"This is the defining feature of the South, a huge dialect area stretching from North Carolina to Texas (east to west) and from the Ohio River down into Florida (north to south)," Becker explained to me.

"In words like my and time, Southerners produce the vowel /ai/ — normally a diphthong (a vowel with two parts) — as a monophthong (a vowel with one part), so that these words sound like mah and tahm. Frank Underwood uses this feature in words like why, prize, beside, eyes, terrified."

Frank Underwood's accent is intriguing because the traditional Southern accent is disappearing.

Frank Underwood is fascinating, because it seems like there's no one else who sounds like him on television. That's becoming more and more true in the real world too. Thomas explained to me that traditional Southern accents are slowly becoming sounds you only find in rural areas.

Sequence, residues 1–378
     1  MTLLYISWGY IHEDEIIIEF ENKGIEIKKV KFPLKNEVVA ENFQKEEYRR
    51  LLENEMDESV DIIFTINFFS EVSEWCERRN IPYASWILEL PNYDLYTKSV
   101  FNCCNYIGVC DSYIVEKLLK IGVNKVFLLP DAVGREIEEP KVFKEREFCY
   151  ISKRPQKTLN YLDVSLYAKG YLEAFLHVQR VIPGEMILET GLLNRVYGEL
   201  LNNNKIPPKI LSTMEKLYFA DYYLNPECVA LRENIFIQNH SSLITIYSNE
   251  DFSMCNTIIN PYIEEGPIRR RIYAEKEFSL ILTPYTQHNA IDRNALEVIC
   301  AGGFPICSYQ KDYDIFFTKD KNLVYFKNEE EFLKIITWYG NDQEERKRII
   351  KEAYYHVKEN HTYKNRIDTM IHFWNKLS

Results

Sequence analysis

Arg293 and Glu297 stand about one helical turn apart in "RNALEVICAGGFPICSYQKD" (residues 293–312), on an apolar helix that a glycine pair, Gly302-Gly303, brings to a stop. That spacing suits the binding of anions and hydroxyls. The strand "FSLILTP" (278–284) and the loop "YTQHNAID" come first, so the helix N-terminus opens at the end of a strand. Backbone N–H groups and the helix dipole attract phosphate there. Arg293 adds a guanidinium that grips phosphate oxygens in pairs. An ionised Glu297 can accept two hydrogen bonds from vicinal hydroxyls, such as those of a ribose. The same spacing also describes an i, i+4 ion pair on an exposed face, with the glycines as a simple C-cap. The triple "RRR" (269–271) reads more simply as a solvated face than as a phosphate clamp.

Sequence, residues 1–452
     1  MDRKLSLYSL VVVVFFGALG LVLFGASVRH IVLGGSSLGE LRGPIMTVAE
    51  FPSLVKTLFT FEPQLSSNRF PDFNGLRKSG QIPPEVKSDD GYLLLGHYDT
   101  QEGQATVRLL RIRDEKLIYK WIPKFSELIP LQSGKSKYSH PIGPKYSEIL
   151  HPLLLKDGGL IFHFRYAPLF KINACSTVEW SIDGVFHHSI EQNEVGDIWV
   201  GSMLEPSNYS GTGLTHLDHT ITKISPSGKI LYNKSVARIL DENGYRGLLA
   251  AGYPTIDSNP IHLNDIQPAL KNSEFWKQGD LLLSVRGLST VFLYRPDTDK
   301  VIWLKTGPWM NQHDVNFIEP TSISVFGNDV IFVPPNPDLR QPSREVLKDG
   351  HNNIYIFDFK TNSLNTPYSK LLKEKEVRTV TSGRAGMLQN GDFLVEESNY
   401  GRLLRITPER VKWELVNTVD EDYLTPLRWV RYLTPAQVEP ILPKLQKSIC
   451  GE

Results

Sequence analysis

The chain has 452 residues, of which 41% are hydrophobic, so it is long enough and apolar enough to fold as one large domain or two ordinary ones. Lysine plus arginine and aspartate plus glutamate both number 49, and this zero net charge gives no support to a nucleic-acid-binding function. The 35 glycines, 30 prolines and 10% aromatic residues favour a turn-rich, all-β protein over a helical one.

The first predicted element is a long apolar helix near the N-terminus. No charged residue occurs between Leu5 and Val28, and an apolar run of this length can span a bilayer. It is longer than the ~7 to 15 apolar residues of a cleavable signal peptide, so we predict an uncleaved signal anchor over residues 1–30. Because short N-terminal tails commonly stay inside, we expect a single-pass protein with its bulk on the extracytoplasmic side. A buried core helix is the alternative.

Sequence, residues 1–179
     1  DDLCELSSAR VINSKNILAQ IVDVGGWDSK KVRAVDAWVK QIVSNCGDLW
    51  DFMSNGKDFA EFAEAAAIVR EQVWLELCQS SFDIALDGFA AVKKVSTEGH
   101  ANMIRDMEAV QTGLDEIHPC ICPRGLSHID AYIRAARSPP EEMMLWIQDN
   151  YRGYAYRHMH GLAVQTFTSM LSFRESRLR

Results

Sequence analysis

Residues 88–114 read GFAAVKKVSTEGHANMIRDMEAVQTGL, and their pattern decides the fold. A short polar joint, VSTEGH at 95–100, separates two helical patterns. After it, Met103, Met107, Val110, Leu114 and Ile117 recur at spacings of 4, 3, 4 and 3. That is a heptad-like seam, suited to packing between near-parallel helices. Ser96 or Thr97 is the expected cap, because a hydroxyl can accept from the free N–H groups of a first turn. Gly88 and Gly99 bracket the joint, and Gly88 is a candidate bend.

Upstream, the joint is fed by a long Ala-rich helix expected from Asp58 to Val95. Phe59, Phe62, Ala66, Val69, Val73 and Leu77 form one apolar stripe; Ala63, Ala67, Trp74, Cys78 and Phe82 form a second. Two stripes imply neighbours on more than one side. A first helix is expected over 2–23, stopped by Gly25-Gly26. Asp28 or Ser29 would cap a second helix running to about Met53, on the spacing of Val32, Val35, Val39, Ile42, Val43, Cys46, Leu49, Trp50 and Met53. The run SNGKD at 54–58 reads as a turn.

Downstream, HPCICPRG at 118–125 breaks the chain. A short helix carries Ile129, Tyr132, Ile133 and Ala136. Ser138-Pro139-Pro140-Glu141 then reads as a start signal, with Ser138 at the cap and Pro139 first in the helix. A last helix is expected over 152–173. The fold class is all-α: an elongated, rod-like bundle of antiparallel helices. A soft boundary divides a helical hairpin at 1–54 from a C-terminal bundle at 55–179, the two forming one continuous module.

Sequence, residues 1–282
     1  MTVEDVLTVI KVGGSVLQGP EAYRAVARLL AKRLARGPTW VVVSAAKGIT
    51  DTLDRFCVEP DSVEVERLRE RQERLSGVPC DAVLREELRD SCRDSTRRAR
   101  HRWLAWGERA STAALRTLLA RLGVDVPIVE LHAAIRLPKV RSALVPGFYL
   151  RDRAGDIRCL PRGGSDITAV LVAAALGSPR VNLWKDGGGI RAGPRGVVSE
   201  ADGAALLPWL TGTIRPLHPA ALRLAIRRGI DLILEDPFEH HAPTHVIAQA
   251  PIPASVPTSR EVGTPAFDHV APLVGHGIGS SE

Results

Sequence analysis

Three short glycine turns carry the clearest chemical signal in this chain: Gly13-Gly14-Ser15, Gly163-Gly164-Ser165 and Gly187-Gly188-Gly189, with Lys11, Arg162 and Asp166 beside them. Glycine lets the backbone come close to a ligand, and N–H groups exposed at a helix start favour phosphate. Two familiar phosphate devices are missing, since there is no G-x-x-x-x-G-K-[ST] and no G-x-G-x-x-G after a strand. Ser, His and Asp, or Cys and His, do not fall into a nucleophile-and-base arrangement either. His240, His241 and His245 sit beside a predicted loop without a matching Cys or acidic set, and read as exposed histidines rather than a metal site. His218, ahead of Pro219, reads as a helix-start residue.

"It depends on what state you're talking about," he said, explaining when you start to see the Southern accent slowly lose its grip. "In Texas, you look at people born in the 1960s. In North Carolina, a decade or two later than that — the 70s and 80s."

Thomas explains that in those years, those states saw huge growth and an influx of people who weren't from the South moving to the states' bigger cities. That growth created new suburban communities that sometimes didn't include locals.

"It's sort of like starting over from scratch," Thomas said. "Kids growing up in those communities weren't learning their English from traditional local people, or kids who were from traditional local families, but people from outside."

But there's also a cultural aspect to this too. There continues to be something of a stigma against Southern accents.

"In situations like that, where you have a lot of Southerners and non-Southerners, and kids are learning their English, which forms are they going to choose? The prestigious one, or the one they're going to make fun of?" Thomas said. "That's what's going on in the South these days."